Book cover of Excession.
Book 5 of the Culture series


Excession is the fourth novel and fifth book in the Culture series. It follows the reaction of the Culture and other civilizations to an “excession”: an “Outside Context Problem” that is mysterious and enormously powerful.

The best part of the novel was getting to see how the Culture works: how the minds think, communicate with each other, make decisions, retreat to “infinite fun space”, and interact with an “Outside Context Problem”1. The worst part of the book was the human characters, who were shallow and uninteresting. Ulver Seich—the airhead socialite—is a slightly more interesting and better-written take on the “hot girl who sleeps her way through the narrative” trope that Peter F. Hamilton loves to write, such as Mellanie Rescorai in Pandora’s Star, or to a lesser extent, Kysandra Blair in The Abyss Beyond Dreams. Nonetheless, I dreaded the human chapters. Culture books are carried by their human characters, who bring scale, emotion, and stakes to the drama, and Excession’s humans fall short.

The story wasn’t what I expected. I anticipated a book about how the Culture deals with something—the excession—over which they have no control, but the plot was actually about how they would exploit it for their schemes. The book is rife with schemes: one to disguise the nature of the Sleeper Service; another to set up a false-flag operation to build support for a Culture war against the Nazi-like jellyfish race, the Affront; a third to reunite Dajeil Gelian and Byr Genar-Hofoen and reconcile their relationship; and a fourth to intercept Genar-Hofoen with Siech and prevent him from rendezvousing with the Sleeper Service.

Even after reading such “tricky” books as The Quantum Thief and The Shadow of the Torturer, I found Excession a little challenging, mainly because of the numerous ships to keep track of while also trying to discern which ones were the conspirators.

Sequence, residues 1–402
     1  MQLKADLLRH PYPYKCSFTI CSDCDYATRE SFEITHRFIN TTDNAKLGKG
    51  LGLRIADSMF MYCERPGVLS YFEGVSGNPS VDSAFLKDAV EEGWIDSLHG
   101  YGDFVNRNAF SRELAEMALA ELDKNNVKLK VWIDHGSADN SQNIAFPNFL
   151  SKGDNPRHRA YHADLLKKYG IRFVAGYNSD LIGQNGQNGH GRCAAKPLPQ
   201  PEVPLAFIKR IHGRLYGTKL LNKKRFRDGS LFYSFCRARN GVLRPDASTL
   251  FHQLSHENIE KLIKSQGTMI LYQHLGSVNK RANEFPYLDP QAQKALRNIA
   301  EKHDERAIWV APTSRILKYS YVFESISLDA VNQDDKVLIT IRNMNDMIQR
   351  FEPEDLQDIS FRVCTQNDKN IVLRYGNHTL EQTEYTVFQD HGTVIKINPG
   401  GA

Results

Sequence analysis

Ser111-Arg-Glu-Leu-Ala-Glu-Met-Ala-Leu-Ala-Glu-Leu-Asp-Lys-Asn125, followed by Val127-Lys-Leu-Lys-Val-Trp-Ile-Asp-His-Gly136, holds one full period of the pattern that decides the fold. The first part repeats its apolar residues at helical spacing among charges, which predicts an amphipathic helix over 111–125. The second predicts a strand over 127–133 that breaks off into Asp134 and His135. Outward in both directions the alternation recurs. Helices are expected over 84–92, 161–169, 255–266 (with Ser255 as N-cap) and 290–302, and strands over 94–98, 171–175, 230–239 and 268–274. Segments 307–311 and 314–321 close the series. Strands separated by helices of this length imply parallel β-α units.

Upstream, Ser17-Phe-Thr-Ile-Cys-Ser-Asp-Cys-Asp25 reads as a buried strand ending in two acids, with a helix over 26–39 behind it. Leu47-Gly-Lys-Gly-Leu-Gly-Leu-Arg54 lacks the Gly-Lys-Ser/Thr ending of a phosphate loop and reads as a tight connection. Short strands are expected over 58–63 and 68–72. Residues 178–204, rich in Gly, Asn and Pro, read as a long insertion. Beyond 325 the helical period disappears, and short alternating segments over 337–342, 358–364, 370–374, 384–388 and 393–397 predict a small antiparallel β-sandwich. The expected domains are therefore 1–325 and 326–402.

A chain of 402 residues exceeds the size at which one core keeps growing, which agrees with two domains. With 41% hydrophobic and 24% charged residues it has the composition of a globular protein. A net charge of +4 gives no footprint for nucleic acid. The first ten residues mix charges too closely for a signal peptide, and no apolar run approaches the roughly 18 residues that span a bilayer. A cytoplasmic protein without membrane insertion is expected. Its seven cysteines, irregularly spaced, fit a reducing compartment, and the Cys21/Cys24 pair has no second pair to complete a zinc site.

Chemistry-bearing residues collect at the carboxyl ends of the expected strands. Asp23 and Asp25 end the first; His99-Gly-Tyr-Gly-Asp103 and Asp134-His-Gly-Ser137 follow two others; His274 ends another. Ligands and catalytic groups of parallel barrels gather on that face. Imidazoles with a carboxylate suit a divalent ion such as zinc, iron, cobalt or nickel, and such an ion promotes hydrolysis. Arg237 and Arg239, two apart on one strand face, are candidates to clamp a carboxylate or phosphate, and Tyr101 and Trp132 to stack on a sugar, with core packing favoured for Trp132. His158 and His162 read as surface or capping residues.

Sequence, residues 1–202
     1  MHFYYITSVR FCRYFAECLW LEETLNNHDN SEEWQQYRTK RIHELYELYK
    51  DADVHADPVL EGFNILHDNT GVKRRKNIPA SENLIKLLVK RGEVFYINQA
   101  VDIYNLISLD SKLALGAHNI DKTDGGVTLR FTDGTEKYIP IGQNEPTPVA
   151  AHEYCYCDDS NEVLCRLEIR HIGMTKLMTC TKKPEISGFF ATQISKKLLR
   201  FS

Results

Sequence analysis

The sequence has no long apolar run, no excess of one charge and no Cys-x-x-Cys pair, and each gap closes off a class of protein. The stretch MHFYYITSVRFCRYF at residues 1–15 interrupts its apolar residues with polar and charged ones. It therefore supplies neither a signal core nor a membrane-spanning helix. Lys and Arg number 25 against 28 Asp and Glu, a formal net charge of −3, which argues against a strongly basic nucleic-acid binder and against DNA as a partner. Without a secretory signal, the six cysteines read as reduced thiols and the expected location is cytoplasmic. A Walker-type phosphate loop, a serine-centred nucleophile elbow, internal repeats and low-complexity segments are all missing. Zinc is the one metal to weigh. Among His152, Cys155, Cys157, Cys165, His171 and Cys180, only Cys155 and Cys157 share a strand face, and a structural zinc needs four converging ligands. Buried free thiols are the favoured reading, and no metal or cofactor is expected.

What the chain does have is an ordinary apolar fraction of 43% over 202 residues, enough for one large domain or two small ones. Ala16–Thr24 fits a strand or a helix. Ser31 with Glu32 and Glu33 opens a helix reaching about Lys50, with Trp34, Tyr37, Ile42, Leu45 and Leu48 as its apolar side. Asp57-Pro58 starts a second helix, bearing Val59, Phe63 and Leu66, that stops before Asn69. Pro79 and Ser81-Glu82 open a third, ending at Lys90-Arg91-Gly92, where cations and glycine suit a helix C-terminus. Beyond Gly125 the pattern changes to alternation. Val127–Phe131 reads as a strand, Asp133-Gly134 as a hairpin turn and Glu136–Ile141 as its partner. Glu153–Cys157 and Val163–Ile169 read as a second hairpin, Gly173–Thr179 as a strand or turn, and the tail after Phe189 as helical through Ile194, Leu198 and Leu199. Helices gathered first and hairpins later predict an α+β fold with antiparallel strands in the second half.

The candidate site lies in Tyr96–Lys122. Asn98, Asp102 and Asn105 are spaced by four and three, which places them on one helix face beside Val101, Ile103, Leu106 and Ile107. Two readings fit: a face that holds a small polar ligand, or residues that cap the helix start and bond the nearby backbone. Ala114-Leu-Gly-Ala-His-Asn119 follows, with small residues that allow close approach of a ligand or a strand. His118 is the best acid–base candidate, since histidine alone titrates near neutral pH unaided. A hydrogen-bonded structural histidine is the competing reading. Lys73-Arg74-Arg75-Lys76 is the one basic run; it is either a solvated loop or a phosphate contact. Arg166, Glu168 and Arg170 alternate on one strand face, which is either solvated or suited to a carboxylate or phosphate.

Some aspects I loved:

Overall, Excession is still a good book, but weaker compared to The Player of Games and Use of Weapons.

  1. An Outside Context Problem was the sort of thing most civilizations encountered just once, and which they tended to encounter rather in the same way a sentence encountered a full stop. The usual example given to illustrate an Outside Context Problem was imagining you were a tribe on a largish, fertile island; you’d tamed the land, invented the wheel or writing or whatever, the neighbors were cooperative or enslaved but at any rate peaceful and you were busy raising temples to yourself with all the excess productive capacity you had, you were in a position of near-absolute power and control which your hallowed ancestors could hardly have dreamed of and the whole situation was just running along nicely like a canoe on wet grass… when suddenly this bristling lump of iron appears sailless and trailing steam in the bay and these guys carrying long funny-looking sticks come ashore and announce you’ve just been discovered, you’re all subjects of the Emperor now, he’s keen on presents called tax and these bright-eyed holy men would like a word with your priests.